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How Kindergarten Children Learn How to Write.

Richland Academy / Making Learning Visible  / How Kindergarten Children Learn How to Write.

How Kindergarten Children Learn How to Write.

In an article written by Jessica Kelmon I read this most interesting and ‘spot on’ observation of hers.

“Writing goes from zero to 60 in Kindergarten, from tracing the ABC’s and culminating in higher level thinking skills like forming, organizing, and expressing complete thoughts.”

How significant a comment! It begins with scribbles or what we call ‘mark making’. Decorative swirls, a few letters and even numbers, a string of letters, a child’s own name, but most Kindergarteners begin school with not knowing how to write. Kindergarten is when the children really begin to experiment, explore and develop a strong interest in writing down their thoughts on paper.Literacy begins with being aware of words and symbols that spur children to want to know want to write and want to learn. The alphabet and the letter sounds introduce a child to the world of literacy. Children learn how to form the shapes of the letters, what sounds they are associated with, and how to combine those letters to create words. Children begin to understand that the purpose of writing is communication.

Listen, speak and draw! Think of these skills as the big steps toward writing. Teachers read books aloud and ask questions along the way about the book itself, what the child learns from the text, how new information is connected to a child’s life, what happens in a story, and what a child notices about the events, the setting, the characters and actions. Teachers also ask questions that require a child to read between the lines and delve deeper into the understandings. Answers from a child should be in a sentence, expressing the thought and for you to assist that child to expand the thought.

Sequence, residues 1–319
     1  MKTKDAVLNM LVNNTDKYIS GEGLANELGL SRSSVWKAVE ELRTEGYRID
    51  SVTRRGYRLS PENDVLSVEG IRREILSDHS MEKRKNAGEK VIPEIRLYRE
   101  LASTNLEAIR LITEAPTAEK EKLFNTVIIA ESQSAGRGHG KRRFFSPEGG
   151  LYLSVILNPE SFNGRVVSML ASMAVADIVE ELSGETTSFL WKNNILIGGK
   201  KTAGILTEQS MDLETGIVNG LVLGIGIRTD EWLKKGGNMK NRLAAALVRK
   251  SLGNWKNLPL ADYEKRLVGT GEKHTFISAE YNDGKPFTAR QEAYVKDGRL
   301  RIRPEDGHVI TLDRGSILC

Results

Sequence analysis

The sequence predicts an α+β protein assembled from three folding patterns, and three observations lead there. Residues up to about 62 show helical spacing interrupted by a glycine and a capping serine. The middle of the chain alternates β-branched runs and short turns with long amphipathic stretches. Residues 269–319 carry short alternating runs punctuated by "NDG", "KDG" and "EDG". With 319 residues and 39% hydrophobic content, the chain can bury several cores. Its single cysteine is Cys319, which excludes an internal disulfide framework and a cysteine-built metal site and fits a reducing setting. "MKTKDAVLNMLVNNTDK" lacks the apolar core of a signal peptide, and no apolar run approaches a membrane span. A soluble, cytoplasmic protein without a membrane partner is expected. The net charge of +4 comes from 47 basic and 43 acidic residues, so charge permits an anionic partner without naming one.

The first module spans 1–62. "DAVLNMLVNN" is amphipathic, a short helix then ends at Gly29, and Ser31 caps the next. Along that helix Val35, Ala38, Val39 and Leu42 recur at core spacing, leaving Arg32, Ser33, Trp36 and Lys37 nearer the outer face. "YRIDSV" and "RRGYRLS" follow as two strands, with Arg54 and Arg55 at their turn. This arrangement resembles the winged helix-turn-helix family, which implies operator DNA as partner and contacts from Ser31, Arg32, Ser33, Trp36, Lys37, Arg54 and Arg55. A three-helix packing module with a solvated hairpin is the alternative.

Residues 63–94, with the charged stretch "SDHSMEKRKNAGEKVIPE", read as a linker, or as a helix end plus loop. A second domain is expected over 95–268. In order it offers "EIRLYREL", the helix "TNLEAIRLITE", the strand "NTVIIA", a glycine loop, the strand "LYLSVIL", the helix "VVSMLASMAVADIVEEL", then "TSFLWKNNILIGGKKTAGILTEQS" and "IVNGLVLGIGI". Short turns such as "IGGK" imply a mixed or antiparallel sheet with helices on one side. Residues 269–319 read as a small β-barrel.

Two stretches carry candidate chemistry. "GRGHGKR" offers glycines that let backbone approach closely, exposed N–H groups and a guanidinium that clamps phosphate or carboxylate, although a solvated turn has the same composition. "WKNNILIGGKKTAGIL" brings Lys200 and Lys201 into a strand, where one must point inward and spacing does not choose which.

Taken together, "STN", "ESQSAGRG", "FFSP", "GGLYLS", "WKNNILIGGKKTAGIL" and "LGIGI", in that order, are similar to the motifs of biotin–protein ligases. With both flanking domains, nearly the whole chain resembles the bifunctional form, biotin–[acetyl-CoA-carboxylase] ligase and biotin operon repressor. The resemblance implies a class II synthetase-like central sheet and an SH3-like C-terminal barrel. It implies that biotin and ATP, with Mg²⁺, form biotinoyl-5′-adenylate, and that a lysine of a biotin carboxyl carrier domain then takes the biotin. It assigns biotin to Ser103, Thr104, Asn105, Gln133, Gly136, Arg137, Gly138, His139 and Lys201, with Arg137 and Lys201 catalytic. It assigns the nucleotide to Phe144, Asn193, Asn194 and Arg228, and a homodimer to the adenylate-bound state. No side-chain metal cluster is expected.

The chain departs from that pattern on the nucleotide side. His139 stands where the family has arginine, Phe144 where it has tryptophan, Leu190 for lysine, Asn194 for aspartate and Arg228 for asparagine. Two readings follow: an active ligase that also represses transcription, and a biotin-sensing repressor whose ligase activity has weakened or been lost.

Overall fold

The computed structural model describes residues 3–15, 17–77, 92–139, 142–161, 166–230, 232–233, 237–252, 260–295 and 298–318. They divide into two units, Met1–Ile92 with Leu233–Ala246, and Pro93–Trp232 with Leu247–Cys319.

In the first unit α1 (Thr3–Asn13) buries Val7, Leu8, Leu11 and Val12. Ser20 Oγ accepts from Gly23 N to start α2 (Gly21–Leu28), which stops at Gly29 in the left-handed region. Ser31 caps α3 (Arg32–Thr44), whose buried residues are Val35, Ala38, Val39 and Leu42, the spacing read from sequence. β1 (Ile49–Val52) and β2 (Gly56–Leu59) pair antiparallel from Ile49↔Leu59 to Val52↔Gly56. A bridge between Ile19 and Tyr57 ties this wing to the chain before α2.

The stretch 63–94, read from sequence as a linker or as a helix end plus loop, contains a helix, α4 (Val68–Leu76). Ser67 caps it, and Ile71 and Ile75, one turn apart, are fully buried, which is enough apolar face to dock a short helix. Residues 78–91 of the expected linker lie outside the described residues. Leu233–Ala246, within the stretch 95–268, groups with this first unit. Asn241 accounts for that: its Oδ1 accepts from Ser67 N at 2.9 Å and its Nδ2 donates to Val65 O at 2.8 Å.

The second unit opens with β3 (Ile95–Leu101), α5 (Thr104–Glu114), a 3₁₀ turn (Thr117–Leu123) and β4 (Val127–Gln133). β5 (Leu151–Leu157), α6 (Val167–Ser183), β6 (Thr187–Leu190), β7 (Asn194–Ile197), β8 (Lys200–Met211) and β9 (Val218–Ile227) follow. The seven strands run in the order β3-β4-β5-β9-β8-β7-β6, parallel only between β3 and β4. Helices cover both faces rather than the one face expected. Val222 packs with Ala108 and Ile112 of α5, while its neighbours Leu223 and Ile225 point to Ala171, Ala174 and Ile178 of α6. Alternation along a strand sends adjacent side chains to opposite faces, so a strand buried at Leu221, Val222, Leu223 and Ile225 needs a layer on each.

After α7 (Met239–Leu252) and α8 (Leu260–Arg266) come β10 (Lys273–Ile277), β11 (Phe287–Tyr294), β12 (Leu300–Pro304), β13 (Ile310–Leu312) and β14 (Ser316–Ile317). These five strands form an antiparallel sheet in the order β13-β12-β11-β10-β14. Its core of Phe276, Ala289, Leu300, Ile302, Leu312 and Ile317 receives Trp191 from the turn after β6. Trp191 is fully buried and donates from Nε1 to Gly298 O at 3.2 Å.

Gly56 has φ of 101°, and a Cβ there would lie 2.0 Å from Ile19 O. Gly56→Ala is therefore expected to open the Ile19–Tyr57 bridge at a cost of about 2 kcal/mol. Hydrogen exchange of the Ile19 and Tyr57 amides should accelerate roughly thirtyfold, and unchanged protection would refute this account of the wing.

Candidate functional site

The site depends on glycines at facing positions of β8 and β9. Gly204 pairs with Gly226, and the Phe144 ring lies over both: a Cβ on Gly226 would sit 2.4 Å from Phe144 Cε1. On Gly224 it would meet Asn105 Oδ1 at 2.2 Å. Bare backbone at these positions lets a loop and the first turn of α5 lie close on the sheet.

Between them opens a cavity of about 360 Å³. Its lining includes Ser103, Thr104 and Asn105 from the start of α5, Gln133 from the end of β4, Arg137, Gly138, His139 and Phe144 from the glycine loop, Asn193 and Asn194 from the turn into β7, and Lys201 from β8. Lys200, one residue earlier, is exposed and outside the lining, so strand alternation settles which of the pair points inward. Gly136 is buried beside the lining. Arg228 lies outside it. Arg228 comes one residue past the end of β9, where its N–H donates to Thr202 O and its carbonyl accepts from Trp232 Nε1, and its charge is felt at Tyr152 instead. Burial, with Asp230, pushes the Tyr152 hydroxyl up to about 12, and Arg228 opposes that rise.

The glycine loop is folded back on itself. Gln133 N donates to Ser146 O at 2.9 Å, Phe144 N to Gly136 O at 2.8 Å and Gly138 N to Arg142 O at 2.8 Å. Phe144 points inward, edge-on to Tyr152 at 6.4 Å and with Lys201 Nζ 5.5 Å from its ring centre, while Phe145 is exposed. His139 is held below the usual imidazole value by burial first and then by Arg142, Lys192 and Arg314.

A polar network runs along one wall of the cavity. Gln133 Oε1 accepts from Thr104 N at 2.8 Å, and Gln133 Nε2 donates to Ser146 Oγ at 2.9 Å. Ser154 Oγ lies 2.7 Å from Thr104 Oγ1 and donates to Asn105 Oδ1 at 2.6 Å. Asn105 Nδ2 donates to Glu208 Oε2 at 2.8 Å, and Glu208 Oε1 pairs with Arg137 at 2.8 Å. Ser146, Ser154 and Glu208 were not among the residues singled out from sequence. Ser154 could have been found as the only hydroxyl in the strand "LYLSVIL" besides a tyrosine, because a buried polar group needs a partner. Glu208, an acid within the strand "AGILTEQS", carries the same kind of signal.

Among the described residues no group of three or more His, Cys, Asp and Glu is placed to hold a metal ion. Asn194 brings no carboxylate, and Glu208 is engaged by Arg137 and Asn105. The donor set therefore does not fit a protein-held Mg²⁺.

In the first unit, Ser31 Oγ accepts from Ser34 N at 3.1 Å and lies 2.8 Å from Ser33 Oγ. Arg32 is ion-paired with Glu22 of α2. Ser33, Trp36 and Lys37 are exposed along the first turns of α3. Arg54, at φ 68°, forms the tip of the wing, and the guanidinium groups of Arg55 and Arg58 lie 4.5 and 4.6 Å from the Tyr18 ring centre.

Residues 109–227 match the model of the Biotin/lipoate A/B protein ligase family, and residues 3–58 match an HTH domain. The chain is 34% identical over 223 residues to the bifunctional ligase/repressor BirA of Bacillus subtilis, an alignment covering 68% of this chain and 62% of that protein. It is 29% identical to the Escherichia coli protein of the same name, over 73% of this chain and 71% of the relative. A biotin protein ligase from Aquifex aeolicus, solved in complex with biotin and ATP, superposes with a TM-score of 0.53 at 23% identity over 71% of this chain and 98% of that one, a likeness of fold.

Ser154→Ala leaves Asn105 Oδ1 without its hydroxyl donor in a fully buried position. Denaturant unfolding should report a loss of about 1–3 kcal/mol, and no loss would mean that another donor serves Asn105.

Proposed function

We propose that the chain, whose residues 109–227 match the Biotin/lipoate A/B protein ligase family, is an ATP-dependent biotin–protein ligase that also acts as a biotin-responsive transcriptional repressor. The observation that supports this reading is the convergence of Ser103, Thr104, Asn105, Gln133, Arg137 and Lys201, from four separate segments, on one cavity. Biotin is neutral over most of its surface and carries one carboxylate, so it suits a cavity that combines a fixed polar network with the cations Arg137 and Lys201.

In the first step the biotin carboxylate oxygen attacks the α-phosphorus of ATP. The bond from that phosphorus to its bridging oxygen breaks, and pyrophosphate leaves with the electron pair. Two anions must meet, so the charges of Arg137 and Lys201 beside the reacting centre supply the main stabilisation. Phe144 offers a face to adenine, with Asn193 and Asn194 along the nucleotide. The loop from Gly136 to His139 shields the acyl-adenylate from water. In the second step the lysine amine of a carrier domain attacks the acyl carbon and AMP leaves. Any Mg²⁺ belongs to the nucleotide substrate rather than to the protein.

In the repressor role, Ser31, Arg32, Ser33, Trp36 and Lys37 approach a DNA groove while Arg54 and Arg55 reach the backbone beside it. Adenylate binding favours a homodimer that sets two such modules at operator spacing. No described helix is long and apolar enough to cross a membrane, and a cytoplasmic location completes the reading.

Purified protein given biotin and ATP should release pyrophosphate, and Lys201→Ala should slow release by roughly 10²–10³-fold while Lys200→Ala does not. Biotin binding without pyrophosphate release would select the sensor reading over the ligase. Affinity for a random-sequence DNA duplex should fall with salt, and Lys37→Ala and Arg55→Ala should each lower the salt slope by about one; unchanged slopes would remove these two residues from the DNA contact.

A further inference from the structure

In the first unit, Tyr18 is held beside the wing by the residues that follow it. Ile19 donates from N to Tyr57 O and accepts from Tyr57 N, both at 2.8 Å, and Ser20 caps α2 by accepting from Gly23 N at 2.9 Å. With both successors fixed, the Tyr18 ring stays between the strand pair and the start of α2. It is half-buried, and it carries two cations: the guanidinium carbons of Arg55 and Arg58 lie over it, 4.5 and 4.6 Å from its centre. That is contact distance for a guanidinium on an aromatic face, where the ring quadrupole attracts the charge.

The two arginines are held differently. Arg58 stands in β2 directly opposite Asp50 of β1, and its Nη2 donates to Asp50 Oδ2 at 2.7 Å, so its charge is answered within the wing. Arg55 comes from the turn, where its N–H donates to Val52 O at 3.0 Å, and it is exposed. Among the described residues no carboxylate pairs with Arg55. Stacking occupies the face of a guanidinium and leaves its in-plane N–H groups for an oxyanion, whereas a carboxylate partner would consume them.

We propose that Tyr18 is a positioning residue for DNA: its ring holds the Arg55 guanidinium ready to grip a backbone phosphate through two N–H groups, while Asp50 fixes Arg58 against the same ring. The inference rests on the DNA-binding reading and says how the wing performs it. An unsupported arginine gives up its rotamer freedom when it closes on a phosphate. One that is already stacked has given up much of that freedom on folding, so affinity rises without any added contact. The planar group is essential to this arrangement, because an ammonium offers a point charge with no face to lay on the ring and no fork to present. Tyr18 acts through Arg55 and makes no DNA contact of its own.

Accessing research and information from books, with Googling on the IPADS at school, helps children to document their learning, the new knowledge and forming a chain of writing interpretations of the found information. Drawing pictures about the accompanying information, scribed by the teacher or co-constructed writing, assists a child in learning the importance of sharing the knowledge that he/she has unearthed. This skill of gathering information from different sources and using it in drawing, dictating, and writing to answer a question sets up Kindergarteners to advance the writing learning journey and acquisition. Writing takes form in opinion or what I call reflective writing, informative and narrative forms.Writing in Kindergarten involves a multistep process. Pre writing begins with reading and thinking. Re-reading a book, dialoguing and brainstorming ideas for a picture or a story. A first draft begins and is looked at together, perhaps giving suggestions or thoughts about adding more details to the work. The Ethic of Excellence is an integral and practiced part of this step, always asking for the ‘best’ work. Revisions or ‘tweaking’ are made with a final edit. Published work becomes public, whether a child shares the finished work with classmates, our families or the community.
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